Document Detail

Rimonabant abolishes sensitivity to workload changes in a progressive ratio procedure.
MedLine Citation:
PMID:  22425597     Owner:  NLM     Status:  MEDLINE    
Despite its propensity to increase motivation for food consumption, marijuana use in humans has been associated with "amotivational syndrome." This "amotivational syndrome" can be characterized by a reduction in response persistence in tasks requiring sustained, but not maximal, effort. To examine this hypothesis, dose-effect functions for THC (0.03-10 mg/kg) and rimonabant (0.1-10 mg/kg) were first determined under a time-constrained PR 5 schedule. During the second phase of the study, doses of THC and rimonabant that did not affect the responses/total reinforced responses were chosen for further evaluation in a series of PR schedules with step sizes of PR 3, PR 5, PR 10, and PR exponential. THC and rimonabant produced decreases in responses per reinforcer, and response rate when behavior was maintained on a PR 5. Rimonabant also decreased session length. During the PR step size manipulation phase, rimonabant decreased responses/total reinforced responses, response rate, and session length, whereas THC only decreased response rate. These results are consistent with previous literature demonstrating that rimonabant decreases motivation for food both in cases where it is earned, as well as under free-feeding conditions, whereas the effects of cannabinoid agonists such as THC on responding for food exhibit greater dependence upon motivational and non-motivational factors, including workload and duration of the task.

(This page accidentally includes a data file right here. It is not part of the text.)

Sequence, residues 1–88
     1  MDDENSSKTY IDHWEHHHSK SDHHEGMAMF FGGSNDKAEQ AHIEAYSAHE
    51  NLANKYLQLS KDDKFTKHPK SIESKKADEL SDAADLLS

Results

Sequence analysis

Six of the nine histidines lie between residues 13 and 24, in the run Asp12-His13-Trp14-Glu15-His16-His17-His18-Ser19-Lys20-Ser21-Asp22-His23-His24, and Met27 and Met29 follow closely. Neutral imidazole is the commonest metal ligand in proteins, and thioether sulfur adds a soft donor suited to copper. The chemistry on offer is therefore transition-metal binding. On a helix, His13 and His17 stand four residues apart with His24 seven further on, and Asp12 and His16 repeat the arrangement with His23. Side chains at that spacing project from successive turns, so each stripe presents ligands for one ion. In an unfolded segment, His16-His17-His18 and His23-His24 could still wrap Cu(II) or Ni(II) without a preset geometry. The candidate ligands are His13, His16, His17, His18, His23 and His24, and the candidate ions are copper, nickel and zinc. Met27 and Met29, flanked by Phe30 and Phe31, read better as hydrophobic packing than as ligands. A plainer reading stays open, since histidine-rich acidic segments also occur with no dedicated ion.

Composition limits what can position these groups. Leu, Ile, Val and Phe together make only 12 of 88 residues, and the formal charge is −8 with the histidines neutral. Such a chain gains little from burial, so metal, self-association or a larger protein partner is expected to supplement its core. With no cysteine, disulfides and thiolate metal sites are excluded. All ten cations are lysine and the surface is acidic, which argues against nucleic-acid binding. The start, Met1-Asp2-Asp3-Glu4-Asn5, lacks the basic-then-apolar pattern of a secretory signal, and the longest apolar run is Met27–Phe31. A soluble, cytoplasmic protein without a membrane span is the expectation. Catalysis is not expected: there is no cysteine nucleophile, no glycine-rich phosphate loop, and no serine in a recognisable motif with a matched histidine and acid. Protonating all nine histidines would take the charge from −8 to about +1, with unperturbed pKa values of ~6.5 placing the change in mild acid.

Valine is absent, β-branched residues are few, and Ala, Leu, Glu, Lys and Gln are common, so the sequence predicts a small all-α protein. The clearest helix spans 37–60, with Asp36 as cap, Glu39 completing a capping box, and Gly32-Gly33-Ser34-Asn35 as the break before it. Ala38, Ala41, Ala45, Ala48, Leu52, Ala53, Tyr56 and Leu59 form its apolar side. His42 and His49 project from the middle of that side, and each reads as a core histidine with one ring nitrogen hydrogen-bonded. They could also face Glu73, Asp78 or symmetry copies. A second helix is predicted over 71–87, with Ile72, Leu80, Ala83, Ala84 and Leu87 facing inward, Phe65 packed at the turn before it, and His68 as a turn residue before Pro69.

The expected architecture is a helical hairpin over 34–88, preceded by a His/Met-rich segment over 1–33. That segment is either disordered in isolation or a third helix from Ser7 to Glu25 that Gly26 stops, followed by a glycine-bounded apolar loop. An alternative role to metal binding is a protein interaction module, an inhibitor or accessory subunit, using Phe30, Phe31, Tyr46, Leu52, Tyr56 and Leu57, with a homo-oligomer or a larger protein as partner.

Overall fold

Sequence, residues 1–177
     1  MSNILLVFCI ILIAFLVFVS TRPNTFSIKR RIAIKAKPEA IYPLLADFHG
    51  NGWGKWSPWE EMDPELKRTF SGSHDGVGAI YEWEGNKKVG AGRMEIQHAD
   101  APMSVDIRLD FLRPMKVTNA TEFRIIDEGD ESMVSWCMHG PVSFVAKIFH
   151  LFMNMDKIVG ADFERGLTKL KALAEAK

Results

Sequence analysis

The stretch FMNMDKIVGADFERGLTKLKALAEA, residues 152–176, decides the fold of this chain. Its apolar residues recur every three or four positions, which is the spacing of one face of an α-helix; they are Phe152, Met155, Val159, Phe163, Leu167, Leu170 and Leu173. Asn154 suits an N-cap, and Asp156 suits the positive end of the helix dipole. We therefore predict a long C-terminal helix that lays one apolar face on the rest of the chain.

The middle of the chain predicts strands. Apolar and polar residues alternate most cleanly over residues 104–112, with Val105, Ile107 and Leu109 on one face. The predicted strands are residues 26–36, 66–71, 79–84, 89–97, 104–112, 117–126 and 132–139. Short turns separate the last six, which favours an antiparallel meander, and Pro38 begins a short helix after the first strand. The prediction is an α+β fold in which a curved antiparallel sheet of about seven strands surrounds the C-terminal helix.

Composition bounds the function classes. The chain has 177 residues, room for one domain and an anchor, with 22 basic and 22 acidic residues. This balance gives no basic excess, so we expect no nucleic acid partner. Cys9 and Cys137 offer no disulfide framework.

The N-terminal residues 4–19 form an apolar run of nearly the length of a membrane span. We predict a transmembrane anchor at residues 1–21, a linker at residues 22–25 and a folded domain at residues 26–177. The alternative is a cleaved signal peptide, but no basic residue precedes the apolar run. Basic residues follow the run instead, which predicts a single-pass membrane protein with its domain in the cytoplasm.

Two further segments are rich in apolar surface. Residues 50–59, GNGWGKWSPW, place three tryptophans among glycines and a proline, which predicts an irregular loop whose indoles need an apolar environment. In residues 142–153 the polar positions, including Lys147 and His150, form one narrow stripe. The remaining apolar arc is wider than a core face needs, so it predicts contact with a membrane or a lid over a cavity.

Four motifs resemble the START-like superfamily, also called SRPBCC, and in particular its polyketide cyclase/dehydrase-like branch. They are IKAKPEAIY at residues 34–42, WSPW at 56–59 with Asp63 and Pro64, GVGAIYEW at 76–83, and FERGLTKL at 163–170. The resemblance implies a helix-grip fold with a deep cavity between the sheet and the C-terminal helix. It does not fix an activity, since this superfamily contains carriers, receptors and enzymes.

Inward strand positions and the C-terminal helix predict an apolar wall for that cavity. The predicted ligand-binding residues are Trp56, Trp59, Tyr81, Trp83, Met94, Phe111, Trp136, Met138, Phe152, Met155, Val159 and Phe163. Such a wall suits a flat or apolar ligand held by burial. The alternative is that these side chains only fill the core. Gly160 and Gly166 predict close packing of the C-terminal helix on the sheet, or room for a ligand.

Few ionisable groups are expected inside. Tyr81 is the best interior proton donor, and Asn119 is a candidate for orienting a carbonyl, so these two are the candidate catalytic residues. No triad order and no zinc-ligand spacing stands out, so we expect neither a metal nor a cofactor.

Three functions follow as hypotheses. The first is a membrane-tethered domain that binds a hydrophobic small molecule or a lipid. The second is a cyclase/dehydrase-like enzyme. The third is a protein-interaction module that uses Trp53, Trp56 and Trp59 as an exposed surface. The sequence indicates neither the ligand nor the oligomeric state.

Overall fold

Julie A Marusich; Jenny L Wiley
Related Documents :
17182807 - Development and validation of a food frequency questionnaire for the assessment of diet...
20207577 - The foodscape: classification and field validation of secondary data sources.
3598037 - Collection of food intake data: an evaluation of methods.
16940037 - Use of itemized till receipts to adjust for correlated dietary measurement error.
14723947 - Bioconcentration and redeposition of polychlorinated biphenyls by zebra mussels (dreiss...
11157747 - Xmap215 regulates microtubule dynamics through two distinct domains.
Publication Detail:
Type:  Journal Article; Research Support, N.I.H., Extramural     Date:  2012-03-09
Journal Detail:
Title:  Pharmacology, biochemistry, and behavior     Volume:  101     ISSN:  1873-5177     ISO Abbreviation:  Pharmacol. Biochem. Behav.     Publication Date:  2012 Jun 
Date Detail:
Created Date:  2012-04-16     Completed Date:  2012-08-23     Revised Date:  2014-09-13    
Medline Journal Info:
Nlm Unique ID:  0367050     Medline TA:  Pharmacol Biochem Behav     Country:  United States    
Other Details:
Languages:  eng     Pagination:  575-80     Citation Subset:  IM    
Copyright Information:
Published by Elsevier Inc.
Export Citation:
APA/MLA Format     Download EndNote     Download BibTex
MeSH Terms
Behavior, Animal / drug effects
Conditioning, Operant
Dose-Response Relationship, Drug
Dronabinol / administration & dosage,  pharmacology
Eating / drug effects,  psychology
Marijuana Smoking / adverse effects,  psychology
Models, Animal
Motivation / drug effects*
Piperidines / administration & dosage,  pharmacology*
Pyrazoles / administration & dosage,  pharmacology*
Rats, Sprague-Dawley
Receptor, Cannabinoid, CB1 / antagonists & inhibitors*
Reinforcement (Psychology)
Task Performance and Analysis
Grant Support
DA-016644/DA/NIDA NIH HHS; DA-03672/DA/NIDA NIH HHS; R01 DA003672/DA/NIDA NIH HHS; R01 DA003672-29/DA/NIDA NIH HHS; R01 DA016644/DA/NIDA NIH HHS; R01 DA016644-06/DA/NIDA NIH HHS
Reg. No./Substance:
0/Piperidines; 0/Pyrazoles; 0/Receptor, Cannabinoid, CB1; 158681-13-1/rimonabant; 7J8897W37S/Dronabinol

From MEDLINE®/PubMed®, a database of the U.S. National Library of Medicine

Previous Document:  Differential behavioral profiling of stimulant substances in the rat using the LABORAS™ system.
Next Document:  Neural evidence for direct meaning access from orthography in Chinese word reading.